The “Anne” sailed from England in November 1732. On board were 114 colonists including General James Oglethorpe, intending to found the Colony of Georgia. The group headed south after a brief stay in Charleston, South Carolina. Landing at Yamacraw bluff, Oglethorpe’s party was greeted by Chief Tomochichi of the Yamacraws, along with two Indian traders, John and Mary Musgrove.
The Province of Georgia and its Colonial Capital of Savannah were founded on that date, February 12, 1733. The friendship which developed between Oglethorpe and Tomochichi kept the fledgling colony out of the Indian conflicts, marking the founding of most of the other colonies.
Oglethorpe was something of a Utopian, founding his capital around four wards, each containing eight blocks situated around its own central square. This was a place of religious freedom. 40 Sephardic Jews from Spain and Portugal arrived in July, the largest such group to-date to enter any of the colonies. It was a place of religious freedom for all but Catholics, that is. It was feared that Catholics would be sympathetic with Spanish authorities in control of Florida at that time, so they were prohibited.
There were four such prohibitions, the others being that there would be no spirituous liquors (that wouldn’t last long), no lawyers (do I need to explain?), and no slaves.
The experiment came to an end in 1754, when Georgia became a Royal Colony.
The low marshes of Savannah’s coastline are ideally suited as wild rice fields. Rice had originally come from its native Southeast Asia to West Africa, where the same strains were grown by European colonists. The rice industry failed in Africa, but the combination of English agricultural technology and African labor made the crop a mainstay of the early colonial economy.
In 1773, a slave named George Leile became the first black man to become a licensed Baptist preacher in Georgia. Leile’s master, himself a Baptist deacon, freed him before the Revolution and Leile preached to slaves on plantations along the Savannah River, from Georgia north into South Carolina.
Hundreds of blacks fled to occupied Savannah after the Revolution broke out, seeking safety behind British lines. Scores of them were transported to Nova Scotia or other colonies, and some to London. Leile and his family sailed with the British for freedom in Jamaica.
Andrew Bryan was the only one of the first three black Baptist preachers to stay, making his home in Savannah along with his wife, Hannah.
On January 20, 1788, Bryan brought official recognition to the First African Baptist Church and its 67 members, five years before the first “white” Baptist Church in Savannah. In 1802, Bryan founded the “Second Colored Baptist Church”, renamed the “Second African Baptist Church” in 1823.
General William Tecumseh Sherman read the Emancipation Proclamation to the citizens of Savannah from the steps of this church, promising “40 acres and a mule” to newly freed slaves.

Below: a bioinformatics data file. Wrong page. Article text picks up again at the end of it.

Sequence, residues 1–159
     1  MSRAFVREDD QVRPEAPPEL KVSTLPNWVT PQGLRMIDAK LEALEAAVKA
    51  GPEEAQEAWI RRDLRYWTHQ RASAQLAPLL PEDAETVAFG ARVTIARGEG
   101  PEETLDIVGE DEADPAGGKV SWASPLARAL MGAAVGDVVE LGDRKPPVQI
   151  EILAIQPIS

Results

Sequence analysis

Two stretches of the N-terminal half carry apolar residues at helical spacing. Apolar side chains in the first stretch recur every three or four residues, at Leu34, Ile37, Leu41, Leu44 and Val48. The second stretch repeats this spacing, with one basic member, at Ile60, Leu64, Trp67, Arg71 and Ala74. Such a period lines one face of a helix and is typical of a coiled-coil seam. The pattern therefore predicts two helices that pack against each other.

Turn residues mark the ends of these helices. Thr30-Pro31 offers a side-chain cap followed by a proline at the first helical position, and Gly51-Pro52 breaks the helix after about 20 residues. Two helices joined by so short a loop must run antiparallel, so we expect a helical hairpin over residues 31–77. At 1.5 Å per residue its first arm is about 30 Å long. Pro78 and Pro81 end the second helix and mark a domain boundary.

The original church on Greene Square burned down in 1925. The church was completely rebuilt, and still contains its original pulpit, prayer benches and choir chairs.
“If it falls your lot to be a street sweeper, sweep streets like Michelangelo painted pictures, sweep streets like Beethoven composed music, sweep streets like Leontyne Price sings before the Metropolitan Opera. Sweep streets like Shakespeare wrote poetry. Sweep streets so well that all the hosts of heaven and earth will have to pause and say: Here lived a great street sweeper who swept his job well. If you can’t be a pine at the top of the hill, be a shrub in the valley. Be the best little shrub on the side of the hill.
Be a bush if you can’t be a tree. If you can’t be a highway, just be a trail. If you can’t be a sun, be a star. For it isn’t by size that you win or fail. Be the best of whatever you are”. – Martin Luther King, Jr.
In 1961, a guest preacher delivered a sermon at the Second African Baptist Church which he called “I have a Dream”. Two years later, the same speaker delivered his speech from the steps of the Lincoln memorial in Washington.
Reverend Martin Luther King, Jr’s 91st birthday came and went last week, a date now remembered with its own national holiday. This August, the country will mark the 59th anniversary of his speech on the Mall.
While a sorry collection of racial arsonists attempt to divide Americans against one another for their own political advantage, permit me this reminder of other words, spoken by Reverend King at a time when it took real courage to be a “civil rights” leader.
“In a real sense we must all live together as brothers, or we will all perish together as fools”.
Feature Image, top of page: Wright Square Savannah, final resting place of Tomochichi, leader of the Yamacraw